Survey: Nearly 2 in 3 young Ohioans don’t know 6 million Jews were killed in Holocaust

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Nationwide lack of Holocaust knowledge among Millennials, Gen Z

Visitors walk below the gate with its inscription “Work sets you free” as the memorial site of the former German Nazi death camp Auschwitz in Oswiecim reopens on July 1, 2020 to visitors, for the first time after a break caused by novel coronavirus COVID-19 lockdown. (Photo by BARTOSZ SIEDLIK/AFP via Getty Images)

COLUMBUS, Ohio (WTRF) – A first-of-its-kind survey has found members of America’s youngest generations possess a “disturbing” lack of knowledge about the Holocaust.

The study by the Conference on Jewish Material Claims Against Germany of 11,000 Millennial and Generation Z adults, aged 18-39, found they lack basic knowledge of key facts about the Holocaust, the World War II-era Nazi extermination of 11 million people including 6 million Jews

Among the most startling finds are that 63 percent of Millennial and Gen Z adults did not know that 6 million Jews were killed; 36 percent believed it was fewer than 2 million Jews; and 11 percent thought that Jews caused the Holocaust.

The survey, conducted in March, also provided results by state, which show young Ohioans are about as informed as the U.S. average:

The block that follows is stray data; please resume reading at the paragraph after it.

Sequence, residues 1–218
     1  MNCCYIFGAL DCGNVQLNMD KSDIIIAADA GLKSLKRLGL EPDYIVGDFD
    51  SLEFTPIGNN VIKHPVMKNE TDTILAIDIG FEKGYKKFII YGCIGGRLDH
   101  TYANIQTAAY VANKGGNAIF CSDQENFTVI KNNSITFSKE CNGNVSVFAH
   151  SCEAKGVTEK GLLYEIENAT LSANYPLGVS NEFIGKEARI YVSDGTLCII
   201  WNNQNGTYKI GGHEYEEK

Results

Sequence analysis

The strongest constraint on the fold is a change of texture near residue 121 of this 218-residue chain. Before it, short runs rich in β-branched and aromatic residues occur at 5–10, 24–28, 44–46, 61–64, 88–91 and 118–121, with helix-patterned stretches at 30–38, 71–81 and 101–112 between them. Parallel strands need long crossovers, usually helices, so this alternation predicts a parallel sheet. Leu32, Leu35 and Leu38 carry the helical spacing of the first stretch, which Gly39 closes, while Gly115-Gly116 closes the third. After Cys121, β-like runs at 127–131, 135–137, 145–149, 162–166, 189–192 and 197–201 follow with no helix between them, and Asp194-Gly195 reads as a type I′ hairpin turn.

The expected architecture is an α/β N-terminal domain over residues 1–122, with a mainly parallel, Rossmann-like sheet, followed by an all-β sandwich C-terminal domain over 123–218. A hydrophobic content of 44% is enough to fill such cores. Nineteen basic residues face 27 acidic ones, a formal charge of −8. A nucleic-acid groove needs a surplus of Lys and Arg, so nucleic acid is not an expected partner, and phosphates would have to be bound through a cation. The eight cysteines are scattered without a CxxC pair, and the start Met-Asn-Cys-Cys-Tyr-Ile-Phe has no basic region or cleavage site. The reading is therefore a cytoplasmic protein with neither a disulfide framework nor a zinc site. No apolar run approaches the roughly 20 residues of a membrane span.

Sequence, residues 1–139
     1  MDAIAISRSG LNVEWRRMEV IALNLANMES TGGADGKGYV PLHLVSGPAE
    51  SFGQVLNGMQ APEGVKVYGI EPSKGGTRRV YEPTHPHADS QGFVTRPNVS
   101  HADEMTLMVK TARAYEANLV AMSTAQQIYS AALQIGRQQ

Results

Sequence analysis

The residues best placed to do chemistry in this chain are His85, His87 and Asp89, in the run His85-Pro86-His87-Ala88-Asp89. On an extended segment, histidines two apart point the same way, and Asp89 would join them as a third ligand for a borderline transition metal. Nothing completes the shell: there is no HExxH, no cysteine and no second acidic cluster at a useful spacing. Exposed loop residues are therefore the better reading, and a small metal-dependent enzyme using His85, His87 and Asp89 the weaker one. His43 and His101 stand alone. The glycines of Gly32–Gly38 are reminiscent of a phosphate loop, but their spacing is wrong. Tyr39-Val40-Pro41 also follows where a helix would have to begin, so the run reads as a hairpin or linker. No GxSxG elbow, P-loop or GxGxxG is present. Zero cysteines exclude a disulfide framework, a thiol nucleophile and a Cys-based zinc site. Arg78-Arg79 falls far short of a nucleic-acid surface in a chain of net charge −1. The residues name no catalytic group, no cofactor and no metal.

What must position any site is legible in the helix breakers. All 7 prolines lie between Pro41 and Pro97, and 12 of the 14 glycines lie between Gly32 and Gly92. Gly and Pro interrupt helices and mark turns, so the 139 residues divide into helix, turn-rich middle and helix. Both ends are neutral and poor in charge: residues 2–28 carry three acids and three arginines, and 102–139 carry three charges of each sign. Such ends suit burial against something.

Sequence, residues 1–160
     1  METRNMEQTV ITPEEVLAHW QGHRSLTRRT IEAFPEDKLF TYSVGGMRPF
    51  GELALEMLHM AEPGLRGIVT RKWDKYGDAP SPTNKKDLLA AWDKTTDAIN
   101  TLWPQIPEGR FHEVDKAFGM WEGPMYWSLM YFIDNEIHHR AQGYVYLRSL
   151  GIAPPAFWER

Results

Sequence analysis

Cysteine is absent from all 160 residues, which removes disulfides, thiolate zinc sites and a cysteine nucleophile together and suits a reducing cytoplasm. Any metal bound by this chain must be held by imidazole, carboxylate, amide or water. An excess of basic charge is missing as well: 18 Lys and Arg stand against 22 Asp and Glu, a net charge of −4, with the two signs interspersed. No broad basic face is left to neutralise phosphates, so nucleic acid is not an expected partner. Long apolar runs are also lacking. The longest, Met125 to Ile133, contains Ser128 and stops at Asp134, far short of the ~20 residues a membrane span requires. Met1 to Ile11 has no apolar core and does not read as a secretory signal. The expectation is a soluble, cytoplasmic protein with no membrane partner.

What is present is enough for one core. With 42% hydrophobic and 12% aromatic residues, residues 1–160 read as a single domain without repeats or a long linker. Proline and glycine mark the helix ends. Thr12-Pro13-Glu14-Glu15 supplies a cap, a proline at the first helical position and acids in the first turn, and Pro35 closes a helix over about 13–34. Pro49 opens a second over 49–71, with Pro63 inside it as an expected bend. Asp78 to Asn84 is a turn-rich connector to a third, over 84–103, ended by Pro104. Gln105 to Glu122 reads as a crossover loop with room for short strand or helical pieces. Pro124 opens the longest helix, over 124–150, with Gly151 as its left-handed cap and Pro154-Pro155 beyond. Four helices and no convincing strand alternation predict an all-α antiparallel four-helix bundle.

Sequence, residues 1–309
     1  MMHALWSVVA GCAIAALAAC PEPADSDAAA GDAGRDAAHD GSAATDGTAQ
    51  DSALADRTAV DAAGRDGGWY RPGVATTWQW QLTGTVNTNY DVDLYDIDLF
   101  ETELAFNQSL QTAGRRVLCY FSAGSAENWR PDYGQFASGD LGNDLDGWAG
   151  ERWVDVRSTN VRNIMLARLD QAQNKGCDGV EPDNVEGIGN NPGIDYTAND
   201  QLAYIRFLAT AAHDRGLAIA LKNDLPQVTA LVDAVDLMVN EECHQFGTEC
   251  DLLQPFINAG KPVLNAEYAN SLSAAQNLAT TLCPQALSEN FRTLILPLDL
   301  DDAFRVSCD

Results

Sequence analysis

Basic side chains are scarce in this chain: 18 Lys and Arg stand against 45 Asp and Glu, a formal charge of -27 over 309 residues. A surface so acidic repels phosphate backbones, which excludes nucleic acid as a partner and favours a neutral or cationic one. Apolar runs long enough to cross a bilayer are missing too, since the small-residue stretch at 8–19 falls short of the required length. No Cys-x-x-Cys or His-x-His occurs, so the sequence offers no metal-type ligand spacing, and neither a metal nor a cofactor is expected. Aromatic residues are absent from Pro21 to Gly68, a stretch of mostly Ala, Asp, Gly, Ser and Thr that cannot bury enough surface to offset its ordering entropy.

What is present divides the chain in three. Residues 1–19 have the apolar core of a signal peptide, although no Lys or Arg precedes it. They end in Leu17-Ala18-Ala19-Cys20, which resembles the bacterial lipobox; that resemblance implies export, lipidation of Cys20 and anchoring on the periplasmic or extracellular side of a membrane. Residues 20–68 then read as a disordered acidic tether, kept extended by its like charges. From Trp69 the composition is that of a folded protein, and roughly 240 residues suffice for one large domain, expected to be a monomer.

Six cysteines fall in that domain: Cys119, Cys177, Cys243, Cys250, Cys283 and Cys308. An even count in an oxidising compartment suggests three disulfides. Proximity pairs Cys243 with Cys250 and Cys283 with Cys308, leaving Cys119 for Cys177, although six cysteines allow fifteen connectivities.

Two were two areas, though, in which Ohio diverged from the rest of the country. Although 56 percent nationwide did not know of Auschwitz – the Holocaust’s deadliest camp that saw 1.1 million perish between 1940-1945 – 37 percent of Ohioans did not know of the camp.

More disturbingly, however, while 30 percent nationwide have seen Nazi imagery on social media platforms in the past five years, nearly double the share of Ohioans – 59 percent – said the same.

“The most important lesson is that we can’t lose any more time,” Greg Schneider, executive vice president of the Claims Conference, told NBC News. “If we let these trends continue for another generation, the crucial lessons from this terrible part of history could be lost.”

A further breakdown of Ohio results shows things like:

  • 63% associated the Holocaust with World War II, while others linked it to World War I (20%) and even the Civil War (6%) and Vietnam War (2%).
  • 5% were not familiar with Adolf Hilter.
  • 4% believe the Holocaust didn’t happen and 12% think the number of Jews who died in it has been greatly exaggerated.

Ohio in bottom half of states

Study authors tabulated results for each state and ranked them with a score out of 100 percent. Wisconsin (42%) ranked first, with Minnesota, Massachusetts, Maine, Kansas, Nebraska and Pennsylvania the only other states to break 30%. Arkansas (17%) brought up the rear.

Ohio (24%), meanwhile, is in a six-way tie for 32nd with Alabama, Missouri, Oklahoma, Rhode Island and Tennessee.

The study polled equal numbers of respondents in age groups 18-24, 25-29, 30-34 and 35-39. Thirty-one percent were enrolled in college at the time. The study’s public release, however, did not provide margins of error.

A silver lining from the study is that 81 percent in Ohio and 80 percent nationwide believe it is important to continue teaching about the Holocaust, in part, so it does not happen again. But one unsettling contemporary finding is that 59 percent nationwide said something like the Holocaust could happen again today.

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